There are lots of ways to send data from an Arduino to a PC. Typically you need a program on the PC that does the read and either stores the values or does whatever other processing that is needed.
The simplest way for an Arduino UNO (R3) is to use the USB serial connection that you use for programming the Arduino to do the data transfer. On the Arduino side you would use Serial.println (or a combination of Serial.print's followed by the Serial.println) to print out the values. You can use the serial monitor while debugging to make sure the data is formatted correctly. Then when you are running the program for real, you shutdown the IDE (or at least close the serial monitor), and have your program open up the serial connection. The name used depends on your operating system. Under Linux, it is typically /dev/ttyACM0. Note, in general when you open up the serial connection, it causes the UNO to be reset, and you have the usual period where the UNO waits to see if new programming is being downloaded.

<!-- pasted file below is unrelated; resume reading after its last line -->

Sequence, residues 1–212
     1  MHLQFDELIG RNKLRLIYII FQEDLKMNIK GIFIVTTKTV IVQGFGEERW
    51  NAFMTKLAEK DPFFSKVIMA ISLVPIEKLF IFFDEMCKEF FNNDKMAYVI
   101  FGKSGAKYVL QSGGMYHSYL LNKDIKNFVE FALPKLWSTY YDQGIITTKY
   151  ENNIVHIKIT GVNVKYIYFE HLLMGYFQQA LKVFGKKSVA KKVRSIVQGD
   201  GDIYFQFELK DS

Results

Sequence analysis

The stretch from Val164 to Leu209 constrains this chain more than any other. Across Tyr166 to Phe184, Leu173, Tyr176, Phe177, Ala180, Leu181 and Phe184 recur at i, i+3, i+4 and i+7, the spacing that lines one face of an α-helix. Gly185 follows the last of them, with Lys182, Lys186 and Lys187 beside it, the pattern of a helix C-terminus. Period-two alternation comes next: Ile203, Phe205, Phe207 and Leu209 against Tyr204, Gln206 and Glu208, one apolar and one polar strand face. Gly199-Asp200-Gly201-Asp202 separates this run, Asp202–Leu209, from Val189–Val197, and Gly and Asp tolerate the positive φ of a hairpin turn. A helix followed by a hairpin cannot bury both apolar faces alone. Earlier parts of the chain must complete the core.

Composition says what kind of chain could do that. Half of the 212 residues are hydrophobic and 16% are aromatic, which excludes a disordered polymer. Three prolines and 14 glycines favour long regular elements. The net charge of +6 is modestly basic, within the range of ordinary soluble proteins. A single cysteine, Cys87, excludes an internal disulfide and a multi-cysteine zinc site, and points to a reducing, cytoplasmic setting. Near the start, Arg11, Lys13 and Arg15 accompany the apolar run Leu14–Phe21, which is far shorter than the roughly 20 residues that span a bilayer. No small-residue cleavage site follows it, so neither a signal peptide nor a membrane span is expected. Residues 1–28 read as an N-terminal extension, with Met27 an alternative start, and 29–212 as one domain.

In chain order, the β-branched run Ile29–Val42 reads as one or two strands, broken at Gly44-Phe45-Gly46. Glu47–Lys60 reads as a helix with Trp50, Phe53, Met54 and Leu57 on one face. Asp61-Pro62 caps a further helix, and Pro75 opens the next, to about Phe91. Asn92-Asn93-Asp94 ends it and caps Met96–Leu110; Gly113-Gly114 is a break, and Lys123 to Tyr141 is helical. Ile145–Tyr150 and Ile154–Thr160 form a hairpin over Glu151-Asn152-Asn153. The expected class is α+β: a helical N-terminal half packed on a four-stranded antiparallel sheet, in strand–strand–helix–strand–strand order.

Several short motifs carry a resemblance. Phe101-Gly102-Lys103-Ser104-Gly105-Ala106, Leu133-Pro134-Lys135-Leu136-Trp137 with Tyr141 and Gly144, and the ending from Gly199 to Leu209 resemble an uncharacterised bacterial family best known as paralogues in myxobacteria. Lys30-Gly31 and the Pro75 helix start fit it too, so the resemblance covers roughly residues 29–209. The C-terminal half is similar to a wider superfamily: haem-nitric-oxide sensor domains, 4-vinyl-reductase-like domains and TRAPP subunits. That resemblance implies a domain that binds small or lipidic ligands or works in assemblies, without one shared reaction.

Other ways to transmit data include:
- Via other serial lines going to a real RS-232 db-9 port in an older PC or a USB connector in more modern PCs;
- A Leonardo can simulate being a keyboard, so if you have a Leonardo (or a USB host shield for the UNO) it can simulate you typing characters at the monitor;
- Via a bluetooth connection using a bluetooth add-on card on the Arduino;
- Via wired ethernet using an ethernet shield (with the Arduino either creating a network connection to the PC as server, or having the Arduino act as a web server);
- Via wifi wireless ethernet using a wifi shield
- Using a GPRS shield and opening up a connection via cell phone internet and sending the data.
Basically you need to write two programs (one on the Arduino, one on the PC) and use some communication interface to transmit data in an agreed upon format. Depending on the details, you may need to worry about detecting errors in the transmission, rebroadcasting, etc.